Donald Trump's rough few days

Story highlights

  • Presumptive Republican presidential nominee Donald Trump has had a rough couple of days
  • The unconventional hopeful is running smack into conventional Washington vetting seen in a series of unflattering stories

(CNN)Donald Trump is in a spot all too familiar to other politicians, but unusual for him: He needs to regain his footing after a tough few days.

He swept into Washington Thursday to reassure House Speaker Paul Ryan and other Republican leaders that they can trust him to lead the party to victory in November.
    But the narrative quickly shifted from Trump's savvy party outreach to his salacious past.
    The next morning, The Washington Post's "John Miller" story dropped -- and suddenly the talk was all about whether Trump had once posed as his own spokesman.
    On Sunday, The New York Times served up fresh reporting about his past behavior and comments toward women.
    The unconventional standard-bearer is running smack into conventional Washington vetting -- just as Trump's reluctant establishment allies try to quell a rebellion against him.

    No third-party for elections

    Donald Trump, Paul Ryan tout unity in wake of meeting
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    Republican National Committee Chairman Reince Priebus spent Sunday swatting down efforts to launch a third-party presidential candidate to challenge Trump and Hillary Clinton, calling that strategy a "suicide mission."
    The Washington Post had reported Saturday that 2012 Republican presidential nominee Mitt Romney -- who has emerged this cycle as a primary Trump antagonist -- made an unsuccessful attempt to recruit Nebraska Sen. Ben Sasse as a third-party presidential candidate to challenge Trump and Clinton.
    A source with knowledge of the efforts confirmed them to CNN Sunday. Sasse, the freshman Republican, is one of Trump's most vocal critics on the right. Romney and Sasse have talked, the source said, and Romney encouraged Sasse to seriously consider a run.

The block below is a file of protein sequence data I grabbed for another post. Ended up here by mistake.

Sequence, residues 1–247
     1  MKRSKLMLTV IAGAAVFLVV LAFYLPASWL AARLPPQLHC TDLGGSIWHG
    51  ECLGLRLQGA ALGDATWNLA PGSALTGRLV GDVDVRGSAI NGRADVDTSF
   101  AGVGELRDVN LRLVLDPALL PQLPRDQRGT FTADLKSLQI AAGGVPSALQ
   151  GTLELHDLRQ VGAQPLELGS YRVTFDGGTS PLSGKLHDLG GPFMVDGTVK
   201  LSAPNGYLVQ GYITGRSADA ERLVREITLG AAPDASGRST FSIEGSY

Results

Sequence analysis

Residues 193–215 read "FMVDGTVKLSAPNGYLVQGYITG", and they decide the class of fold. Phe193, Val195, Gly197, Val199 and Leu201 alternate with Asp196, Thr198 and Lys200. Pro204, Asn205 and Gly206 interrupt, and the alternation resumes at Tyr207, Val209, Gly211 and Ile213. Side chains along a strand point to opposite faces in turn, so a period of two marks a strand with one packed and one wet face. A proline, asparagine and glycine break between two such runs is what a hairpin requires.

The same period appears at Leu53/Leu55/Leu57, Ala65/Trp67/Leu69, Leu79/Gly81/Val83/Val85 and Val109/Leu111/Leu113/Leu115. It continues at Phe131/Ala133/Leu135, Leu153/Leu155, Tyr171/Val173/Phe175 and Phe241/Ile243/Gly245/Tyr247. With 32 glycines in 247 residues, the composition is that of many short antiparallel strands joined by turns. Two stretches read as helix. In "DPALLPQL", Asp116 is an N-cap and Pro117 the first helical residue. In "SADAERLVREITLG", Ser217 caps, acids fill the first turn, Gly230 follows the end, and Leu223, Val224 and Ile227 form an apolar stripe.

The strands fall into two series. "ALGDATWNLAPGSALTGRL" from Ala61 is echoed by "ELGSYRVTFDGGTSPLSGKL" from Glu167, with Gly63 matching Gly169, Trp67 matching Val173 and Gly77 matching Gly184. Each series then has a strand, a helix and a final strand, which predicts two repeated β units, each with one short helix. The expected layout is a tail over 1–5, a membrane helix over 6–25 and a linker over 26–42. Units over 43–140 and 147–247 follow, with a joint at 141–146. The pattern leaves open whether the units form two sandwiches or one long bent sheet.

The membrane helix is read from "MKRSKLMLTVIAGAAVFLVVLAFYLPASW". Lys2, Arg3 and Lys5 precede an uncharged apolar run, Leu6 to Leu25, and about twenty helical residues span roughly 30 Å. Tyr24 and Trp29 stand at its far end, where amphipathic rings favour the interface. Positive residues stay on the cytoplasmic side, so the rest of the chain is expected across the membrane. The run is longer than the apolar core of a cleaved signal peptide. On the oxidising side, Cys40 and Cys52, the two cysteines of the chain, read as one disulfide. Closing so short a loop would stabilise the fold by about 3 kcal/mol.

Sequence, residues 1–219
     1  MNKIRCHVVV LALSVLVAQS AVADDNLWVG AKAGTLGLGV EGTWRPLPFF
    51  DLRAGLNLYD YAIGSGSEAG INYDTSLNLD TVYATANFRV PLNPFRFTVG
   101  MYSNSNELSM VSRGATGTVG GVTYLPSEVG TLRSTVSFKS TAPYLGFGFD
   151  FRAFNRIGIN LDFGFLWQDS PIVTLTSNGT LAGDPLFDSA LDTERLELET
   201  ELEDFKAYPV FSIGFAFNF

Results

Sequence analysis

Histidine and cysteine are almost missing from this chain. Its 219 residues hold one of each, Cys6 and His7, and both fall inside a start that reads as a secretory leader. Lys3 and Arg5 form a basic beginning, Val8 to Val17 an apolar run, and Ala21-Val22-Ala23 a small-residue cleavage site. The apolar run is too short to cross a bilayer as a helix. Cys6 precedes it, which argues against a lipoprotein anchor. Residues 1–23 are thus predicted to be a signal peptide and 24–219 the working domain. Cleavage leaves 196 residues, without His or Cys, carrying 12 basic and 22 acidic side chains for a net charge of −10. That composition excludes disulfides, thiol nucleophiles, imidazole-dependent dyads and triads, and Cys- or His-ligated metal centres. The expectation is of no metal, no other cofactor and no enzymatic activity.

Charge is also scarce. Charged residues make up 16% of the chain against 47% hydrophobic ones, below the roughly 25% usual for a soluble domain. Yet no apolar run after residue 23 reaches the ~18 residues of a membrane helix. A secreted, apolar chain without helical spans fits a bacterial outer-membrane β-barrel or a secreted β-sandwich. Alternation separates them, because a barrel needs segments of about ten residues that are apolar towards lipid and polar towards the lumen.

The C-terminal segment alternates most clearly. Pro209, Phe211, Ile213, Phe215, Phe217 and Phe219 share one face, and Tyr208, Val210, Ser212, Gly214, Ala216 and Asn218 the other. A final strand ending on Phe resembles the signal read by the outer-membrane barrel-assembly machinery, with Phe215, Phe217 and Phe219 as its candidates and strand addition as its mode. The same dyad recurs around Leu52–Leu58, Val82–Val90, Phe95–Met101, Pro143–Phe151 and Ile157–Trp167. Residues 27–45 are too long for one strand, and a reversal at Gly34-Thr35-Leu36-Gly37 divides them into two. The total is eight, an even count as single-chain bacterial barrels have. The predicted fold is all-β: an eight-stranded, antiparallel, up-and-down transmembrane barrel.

Priebus was having none of that.
    "They can try to hijack another party and get on the ballot, but, look, it's a suicide mission for our country because what it means is that you're throwing down not just eight years of the White House but potentially 100 years on the Supreme Court and wrecking this country for many generations," Priebus said on "Fox News Sunday," predicting that a conservative third-party candidate would split the Republican vote and ensure a Democrat wins the White House.
    "So I think that's the legacy these folks will leave behind. I think it's very dangerous, and there's other ways to get assurances on the things that they're worried about," he said.

    Trump 'to answer for' behavior around women

    Trump's women problem
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    But even as Priebus urged the party to get behind Trump, he acknowledged that Trump "is going to have to answer for" his behavior around women.
    The RNC chairman was asked on ABC's "This Week" about the Times report that Trump's private conduct with women has involved unwelcome advances and comments about women's figures.
    "Look, I mean, these are things that he is going to have to answer for," Priebus said.
    "But I also think there are things from many years ago and I think that, you know, as Christians, judging each other I think is -- is problematic. I think it's when people live in glass houses and throw stones is when people get in trouble."
    The glass houses defense of Trump came one week after he attacked Clinton as an "enabler" of her husband's own behavior toward women.
    But Priebus said he doesn't believe voters are judging Trump on his earlier personal life.